A few hours of gazing into space and asking myself if I ever really use various furnishings generated dynamic emptiness that paid off immediately: it’s far easier to vacuum when a room has few obstacles. It’s far easier, too, to think and act in a house that’s furnished with easily portable chairs and tables rather than with a full, dormant complement of amenities that is replicated in each room. The place is furnished with Wi-Fi, now, and we are no longer tethered to the electronic hearth.

It’s hard to imagine a more discouraging exercise than to look at shabby areas and realize that the immediate future does not warrant investing in improvements. What I learned during the storm was that careful subtraction from the inventory generates room to better circumstances through careful maintenance rather than by shopping.

More tomorrow.

-30- More after the jump.

Tuesday, January 31, 2012

Pedestrian PA

Photo courtesy Flickr

Port Angeles is a small town close to Olympic National Park. It’s a jewel of urban design, chosen by President Lincoln to be the westernmost capital of the United States. The streets were laid out by L'Enfant, the French architect who designed Washington, D.C., according to a WPA history of the county.

Fourteen years ago, I threw my car away out of disgust with Seattle traffic. Local busses were more than adequate, and I wanted to reduce my carbon footprint. Several times I’ve visited PA using public transportation, and it’s just as convenient to visit on foot as any large urban center.

As a child, I experienced PA on foot with my grandparents and the rollicking gang of children who lived nearby. All of us walked nearly everywhere, and it was valuable to have command of my own mobility at an early age. That sense of freedom and self-determination holds today: roaming from one end of town to another with a small wheeled case in tow puts a spring in my step.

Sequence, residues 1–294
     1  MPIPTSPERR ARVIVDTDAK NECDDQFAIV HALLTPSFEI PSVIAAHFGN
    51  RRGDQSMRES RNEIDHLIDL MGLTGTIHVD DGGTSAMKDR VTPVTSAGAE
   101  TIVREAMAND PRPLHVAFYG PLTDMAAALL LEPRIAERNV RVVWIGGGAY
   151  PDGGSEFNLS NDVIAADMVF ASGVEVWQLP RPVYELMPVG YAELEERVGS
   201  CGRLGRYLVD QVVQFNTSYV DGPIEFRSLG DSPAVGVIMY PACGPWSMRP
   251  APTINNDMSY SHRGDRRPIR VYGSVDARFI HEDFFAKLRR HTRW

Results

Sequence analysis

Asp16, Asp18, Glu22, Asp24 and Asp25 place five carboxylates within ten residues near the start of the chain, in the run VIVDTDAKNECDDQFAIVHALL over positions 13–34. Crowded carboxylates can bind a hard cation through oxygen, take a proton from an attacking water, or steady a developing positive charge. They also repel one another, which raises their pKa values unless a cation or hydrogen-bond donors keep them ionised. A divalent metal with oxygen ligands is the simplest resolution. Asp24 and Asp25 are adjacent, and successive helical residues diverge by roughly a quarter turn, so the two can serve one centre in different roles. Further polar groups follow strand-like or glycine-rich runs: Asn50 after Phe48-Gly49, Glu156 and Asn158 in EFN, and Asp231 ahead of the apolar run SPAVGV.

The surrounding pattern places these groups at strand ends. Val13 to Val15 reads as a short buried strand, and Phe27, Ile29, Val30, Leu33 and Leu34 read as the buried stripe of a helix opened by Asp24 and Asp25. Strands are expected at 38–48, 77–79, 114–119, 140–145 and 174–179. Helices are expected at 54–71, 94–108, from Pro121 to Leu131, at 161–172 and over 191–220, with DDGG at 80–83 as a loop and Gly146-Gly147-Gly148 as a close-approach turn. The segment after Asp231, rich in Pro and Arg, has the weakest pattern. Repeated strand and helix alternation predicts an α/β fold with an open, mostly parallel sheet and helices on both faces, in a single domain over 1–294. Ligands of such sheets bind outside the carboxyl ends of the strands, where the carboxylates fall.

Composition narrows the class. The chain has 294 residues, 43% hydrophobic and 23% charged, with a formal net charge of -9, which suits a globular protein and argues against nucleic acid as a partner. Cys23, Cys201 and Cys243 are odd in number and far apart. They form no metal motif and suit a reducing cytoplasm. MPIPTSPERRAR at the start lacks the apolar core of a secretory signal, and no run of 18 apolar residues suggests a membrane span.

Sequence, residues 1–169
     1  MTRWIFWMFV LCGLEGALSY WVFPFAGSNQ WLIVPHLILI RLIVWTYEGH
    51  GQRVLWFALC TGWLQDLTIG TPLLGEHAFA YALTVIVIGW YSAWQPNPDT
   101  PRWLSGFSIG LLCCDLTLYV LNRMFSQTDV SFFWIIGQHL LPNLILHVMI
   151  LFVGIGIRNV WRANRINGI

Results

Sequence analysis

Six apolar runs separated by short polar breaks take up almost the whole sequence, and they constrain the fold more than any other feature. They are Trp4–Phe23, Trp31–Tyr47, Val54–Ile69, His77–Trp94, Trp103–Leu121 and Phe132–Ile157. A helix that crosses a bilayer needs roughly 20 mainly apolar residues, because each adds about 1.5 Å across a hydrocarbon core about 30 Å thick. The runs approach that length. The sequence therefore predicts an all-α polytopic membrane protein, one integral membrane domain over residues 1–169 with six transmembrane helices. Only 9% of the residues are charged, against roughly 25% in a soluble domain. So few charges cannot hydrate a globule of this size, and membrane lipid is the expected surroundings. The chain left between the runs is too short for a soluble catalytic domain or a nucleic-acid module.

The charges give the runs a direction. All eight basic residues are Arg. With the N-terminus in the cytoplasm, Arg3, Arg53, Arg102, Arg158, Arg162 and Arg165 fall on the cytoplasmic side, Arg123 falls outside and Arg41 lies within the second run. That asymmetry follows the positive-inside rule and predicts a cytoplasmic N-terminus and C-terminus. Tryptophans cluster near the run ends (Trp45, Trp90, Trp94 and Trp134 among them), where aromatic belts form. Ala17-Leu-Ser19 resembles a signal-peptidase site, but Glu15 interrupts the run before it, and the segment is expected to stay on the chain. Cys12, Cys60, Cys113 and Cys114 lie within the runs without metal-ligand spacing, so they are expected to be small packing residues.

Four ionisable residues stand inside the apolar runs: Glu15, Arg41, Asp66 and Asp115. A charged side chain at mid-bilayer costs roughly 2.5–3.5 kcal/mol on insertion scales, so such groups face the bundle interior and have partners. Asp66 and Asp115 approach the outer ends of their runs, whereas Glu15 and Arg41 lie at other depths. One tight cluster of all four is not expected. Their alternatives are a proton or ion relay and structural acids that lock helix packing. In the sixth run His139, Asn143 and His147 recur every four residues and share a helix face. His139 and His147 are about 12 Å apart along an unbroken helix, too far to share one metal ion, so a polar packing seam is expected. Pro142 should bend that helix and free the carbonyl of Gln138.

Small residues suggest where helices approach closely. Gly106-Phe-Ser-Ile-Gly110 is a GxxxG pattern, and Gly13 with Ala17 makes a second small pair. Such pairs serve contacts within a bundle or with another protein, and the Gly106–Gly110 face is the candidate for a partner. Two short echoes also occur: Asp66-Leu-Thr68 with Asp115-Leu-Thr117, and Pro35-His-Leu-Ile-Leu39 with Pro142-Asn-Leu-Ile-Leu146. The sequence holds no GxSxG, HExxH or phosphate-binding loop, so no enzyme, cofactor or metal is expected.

PA and many other small local early twentieth-century cities are Metropolis in miniature, darned healthy environments, and good bets, I hope, as places to live full-time.

-30- More after the jump.

Monday, January 30, 2012


Photo courtesy Flickr

Long winter storms bring a predictable side effect: the house gets cleaner. Every time bad weather leaves me housebound, I learn again that basic cleaning should be a first priority. Despite the season’s dim light, it’s hard to overlook the subtle compromises in maintenance that result from the comings and goings of an ordinary week.

The kitchen is dominated by a stout, rolling maple cart, and the most straightforward way I’ve found to keep it clean is to abrade the top with a generous tuft of coarse steel wool. I sanitize the wood with a slosh of rubbing alcohol and process raw meat on other surfaces.

I swear that things cooked in a clean oven taste better. I use a spray-on unscented oven cleaner that’s basically old-fashioned lye. It works beautifully on pots and pans, and is the best thing I’ve found to brighten a stainless steel sink. The cleaner’s a good paint remover, too. I use it for the odd bit of hardware or tool handle.

I rummaged in the very small cleaning cupboard and discovered that the combination of ammonia and a teaspoon of dishwasher rinsing aid gets a load of laundry clean in unprecedented ways. Ordinarily, I use the same unscented detergent for everything, but every now and then, I switch products until the new container is used up. Doing so seems to remove a different fraction of soil from the wash, and it’s very gratifying. Ammonia is why housecleaning is one of the more dangerous occupations, so ventilate the laundry room when you’re using it.

The rinsing aid is a secret weapon at the sink. Add a bit to the dishpan when dried oatmeal promises a long soak.

-30- More after the jump.